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This contribution examines some of the challenges arising from adaptation as intergeneric transfer (from novel to playtext), and interrogates aspects of intersemiotic translation from playtext to performance. Drawing on the international interest in Embers, the paper juxtaposes the
source text, the 1942 novel by the Hungarian writer Sndor Mrai, with references to its versions in fictional and dramatic format in various languages: with a special emphasis on Christopher Hampton's stage adaptation, Michael Blakemore's 2006 West End production and (to a lesser extent) Lou
Stein's radio drama. The article primarily concentrates on the editing Hampton carries out in his adaptation process, and considers play and performance against the backdrop of the current British theatrical system.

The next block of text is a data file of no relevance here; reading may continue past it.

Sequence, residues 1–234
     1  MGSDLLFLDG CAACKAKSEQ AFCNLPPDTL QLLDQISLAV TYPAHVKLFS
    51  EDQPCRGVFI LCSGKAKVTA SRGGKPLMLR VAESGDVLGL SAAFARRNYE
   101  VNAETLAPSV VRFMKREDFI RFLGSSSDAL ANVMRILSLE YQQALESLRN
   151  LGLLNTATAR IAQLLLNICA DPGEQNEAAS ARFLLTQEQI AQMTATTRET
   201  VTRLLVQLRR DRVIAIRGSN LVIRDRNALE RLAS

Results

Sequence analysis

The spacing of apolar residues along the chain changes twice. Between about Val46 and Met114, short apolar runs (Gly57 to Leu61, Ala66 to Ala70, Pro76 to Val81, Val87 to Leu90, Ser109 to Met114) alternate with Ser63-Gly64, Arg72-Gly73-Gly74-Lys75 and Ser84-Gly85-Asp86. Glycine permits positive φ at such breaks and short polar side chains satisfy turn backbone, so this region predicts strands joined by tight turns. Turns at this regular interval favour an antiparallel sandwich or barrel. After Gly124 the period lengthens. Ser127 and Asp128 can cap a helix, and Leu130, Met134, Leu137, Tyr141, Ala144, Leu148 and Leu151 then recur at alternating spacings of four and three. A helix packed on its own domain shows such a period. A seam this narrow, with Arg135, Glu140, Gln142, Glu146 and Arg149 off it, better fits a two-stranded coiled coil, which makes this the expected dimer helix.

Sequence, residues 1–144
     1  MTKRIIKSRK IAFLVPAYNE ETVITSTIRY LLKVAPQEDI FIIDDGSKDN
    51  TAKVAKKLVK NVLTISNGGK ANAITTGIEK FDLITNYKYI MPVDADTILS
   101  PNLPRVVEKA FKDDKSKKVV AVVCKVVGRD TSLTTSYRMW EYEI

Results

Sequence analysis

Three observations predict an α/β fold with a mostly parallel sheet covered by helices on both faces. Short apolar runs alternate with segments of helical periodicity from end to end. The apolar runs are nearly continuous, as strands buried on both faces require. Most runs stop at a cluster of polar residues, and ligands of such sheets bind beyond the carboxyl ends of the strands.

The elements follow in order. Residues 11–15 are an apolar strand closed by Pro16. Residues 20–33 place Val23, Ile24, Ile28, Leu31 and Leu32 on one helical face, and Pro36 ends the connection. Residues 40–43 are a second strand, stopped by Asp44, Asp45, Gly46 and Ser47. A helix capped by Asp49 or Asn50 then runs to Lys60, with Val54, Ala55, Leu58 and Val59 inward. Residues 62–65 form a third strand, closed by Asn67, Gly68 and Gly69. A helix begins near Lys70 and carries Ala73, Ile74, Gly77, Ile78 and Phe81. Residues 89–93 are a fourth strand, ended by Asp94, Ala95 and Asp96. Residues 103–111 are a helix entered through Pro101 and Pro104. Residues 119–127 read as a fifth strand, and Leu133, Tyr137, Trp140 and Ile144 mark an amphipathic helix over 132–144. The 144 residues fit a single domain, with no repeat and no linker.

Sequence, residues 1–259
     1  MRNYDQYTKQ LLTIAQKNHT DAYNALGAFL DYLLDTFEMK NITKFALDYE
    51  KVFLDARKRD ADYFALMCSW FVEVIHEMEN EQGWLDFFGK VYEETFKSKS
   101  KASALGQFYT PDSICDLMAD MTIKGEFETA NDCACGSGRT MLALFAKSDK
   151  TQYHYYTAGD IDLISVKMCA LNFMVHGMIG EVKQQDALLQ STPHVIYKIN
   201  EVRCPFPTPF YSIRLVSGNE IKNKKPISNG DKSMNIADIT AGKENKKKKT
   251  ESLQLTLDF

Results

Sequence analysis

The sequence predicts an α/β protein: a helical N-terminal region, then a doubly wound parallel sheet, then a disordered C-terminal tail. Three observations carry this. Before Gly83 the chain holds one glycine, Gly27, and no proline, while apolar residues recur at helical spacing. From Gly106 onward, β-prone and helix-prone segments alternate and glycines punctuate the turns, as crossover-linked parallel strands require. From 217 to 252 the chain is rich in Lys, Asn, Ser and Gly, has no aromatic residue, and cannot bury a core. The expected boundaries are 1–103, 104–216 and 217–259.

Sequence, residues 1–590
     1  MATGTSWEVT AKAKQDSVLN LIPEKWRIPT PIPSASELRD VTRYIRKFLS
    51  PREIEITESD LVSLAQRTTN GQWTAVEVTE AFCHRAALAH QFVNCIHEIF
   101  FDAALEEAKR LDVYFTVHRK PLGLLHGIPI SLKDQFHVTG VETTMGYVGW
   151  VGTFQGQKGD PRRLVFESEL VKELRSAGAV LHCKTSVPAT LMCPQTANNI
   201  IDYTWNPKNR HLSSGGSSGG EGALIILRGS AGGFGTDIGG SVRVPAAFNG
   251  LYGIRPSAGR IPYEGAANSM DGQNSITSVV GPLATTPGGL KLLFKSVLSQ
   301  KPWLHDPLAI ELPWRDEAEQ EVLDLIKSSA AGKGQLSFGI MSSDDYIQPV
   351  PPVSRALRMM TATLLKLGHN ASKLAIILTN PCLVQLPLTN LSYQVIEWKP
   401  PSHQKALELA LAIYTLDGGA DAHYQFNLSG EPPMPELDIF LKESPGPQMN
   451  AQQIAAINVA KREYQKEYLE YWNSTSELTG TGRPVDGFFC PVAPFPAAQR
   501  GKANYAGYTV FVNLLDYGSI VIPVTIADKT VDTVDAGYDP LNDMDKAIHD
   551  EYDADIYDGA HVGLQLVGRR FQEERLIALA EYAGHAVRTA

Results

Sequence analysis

De Montfort University. 2:
University of Glamorgan.
Publication date: February 1, 2009
More about this publication?
Adaptation, or the conversion of oral, historical or fictional narratives into stage drama has been common practice for centuries. In our own time the processes of cross-generic transformation continue to be extremely important in theatre as well as in the film and other media industries. Adaptation and the related areas of translation and intertextuality continue to have a central place in our culture with a profound resonance across our civilisation.